NCAA Recruiting Scandal Pits Miami Hurricanes Versus Florida Gators

Uncle Luke, the man whose booty-shaking madness made the U.S. Supreme Court stand up for free speech, gets as nasty as he wants to be for Miami New Times. In this special online edition, Luke opines about the Miami Hurricanes and Florida Gators getting caught up in another college football controversy.

The University of Miami and the University of Florida are embroiled in the latest college football scandal. The controversy highlights why NCAA rules restricting a recruiter's contact with student athletes make no sense.

Last week, Joker Phillips resigned as University of Florida wide receivers coach after the NCAA received a photo of him while he was talking to a high school recruit at football practice. Florida could be found guilty of a major violation because Phillips allegedly spoke to the player during a scouting event where coaches are allowed to only evaluate recruits.

University of Florida coaches are accusing two Miami assistants of taking the incriminating pictures. Both universities are not commenting on the matter. However, head coaches at several high schools around the state have decided to ban Miami coaches from their campuses.

This could have all been avoided if college coaches were allowed to have more conversations with student athletes than the NCAA allows. By restricting how college coaches can communicate with high school recruits, the NCAA is giving competing football programs ammunition to go after one another.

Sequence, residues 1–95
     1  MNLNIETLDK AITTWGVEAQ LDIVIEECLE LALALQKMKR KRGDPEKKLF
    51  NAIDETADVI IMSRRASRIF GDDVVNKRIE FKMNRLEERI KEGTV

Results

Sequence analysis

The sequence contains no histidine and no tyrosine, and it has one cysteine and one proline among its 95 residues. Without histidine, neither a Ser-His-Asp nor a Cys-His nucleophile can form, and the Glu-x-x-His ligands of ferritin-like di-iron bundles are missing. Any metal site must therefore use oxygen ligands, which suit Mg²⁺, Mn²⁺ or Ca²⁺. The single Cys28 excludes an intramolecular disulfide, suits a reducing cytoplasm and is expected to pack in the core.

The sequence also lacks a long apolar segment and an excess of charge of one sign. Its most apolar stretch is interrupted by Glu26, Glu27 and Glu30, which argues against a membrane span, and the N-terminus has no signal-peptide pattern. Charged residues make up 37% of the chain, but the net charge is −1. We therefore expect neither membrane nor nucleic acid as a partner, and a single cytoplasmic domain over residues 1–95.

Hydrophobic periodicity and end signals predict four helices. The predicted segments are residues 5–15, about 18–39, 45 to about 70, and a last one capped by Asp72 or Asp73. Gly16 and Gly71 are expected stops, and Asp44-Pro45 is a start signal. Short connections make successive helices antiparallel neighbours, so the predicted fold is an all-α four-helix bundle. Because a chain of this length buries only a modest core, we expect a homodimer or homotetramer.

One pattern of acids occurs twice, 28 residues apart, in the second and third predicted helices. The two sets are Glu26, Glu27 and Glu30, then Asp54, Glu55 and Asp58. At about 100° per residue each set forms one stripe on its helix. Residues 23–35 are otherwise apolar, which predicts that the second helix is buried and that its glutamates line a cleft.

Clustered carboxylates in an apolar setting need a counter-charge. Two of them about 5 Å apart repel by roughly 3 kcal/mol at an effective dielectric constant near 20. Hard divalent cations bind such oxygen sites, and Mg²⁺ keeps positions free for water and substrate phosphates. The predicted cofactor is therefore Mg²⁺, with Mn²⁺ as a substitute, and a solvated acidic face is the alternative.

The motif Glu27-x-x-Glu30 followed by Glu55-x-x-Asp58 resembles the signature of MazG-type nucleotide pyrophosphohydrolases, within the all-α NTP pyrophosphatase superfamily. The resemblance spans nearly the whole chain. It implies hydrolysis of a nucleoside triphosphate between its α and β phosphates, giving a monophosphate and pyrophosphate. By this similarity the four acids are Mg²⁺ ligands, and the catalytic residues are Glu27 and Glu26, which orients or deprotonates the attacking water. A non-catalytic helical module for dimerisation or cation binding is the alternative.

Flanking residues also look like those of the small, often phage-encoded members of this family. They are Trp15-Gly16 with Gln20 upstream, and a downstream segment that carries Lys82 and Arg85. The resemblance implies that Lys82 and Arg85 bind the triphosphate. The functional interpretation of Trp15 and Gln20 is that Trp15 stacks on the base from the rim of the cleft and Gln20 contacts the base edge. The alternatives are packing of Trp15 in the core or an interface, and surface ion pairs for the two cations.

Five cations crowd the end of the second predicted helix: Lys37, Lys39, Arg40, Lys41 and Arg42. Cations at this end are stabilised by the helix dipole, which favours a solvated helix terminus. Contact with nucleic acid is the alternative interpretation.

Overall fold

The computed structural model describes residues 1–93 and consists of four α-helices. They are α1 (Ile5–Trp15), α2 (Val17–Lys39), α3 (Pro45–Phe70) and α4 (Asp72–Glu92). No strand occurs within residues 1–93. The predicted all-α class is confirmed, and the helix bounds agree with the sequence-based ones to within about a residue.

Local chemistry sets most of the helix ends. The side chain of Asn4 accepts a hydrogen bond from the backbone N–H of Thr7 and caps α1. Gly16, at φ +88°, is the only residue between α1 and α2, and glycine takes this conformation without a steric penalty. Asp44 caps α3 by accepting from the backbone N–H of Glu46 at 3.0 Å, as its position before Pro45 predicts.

There is no way an assistant can gauge the character of a high school recruit by simply relying on his grades and a couple of visits during the recruiting season. His job is on the line when he tells the head coach to recruit a certain player who ends up getting in trouble down the road.

When a troubled student athlete robs a convenience store after he's enrolled and on campus, it is the assistant who will get canned. At the same time, a good kid with a 4.0 grade point average at an inner-city school might get passed over because the coach recruiting him couldn't interact with him.

To find out if a star student athlete is a responsible young adult or out running in the streets, college assistants need more time to develop a dialogue with the young man and his family. A coach should not be restricted from having productive conversations with a recruit before making a scholarship commitment.

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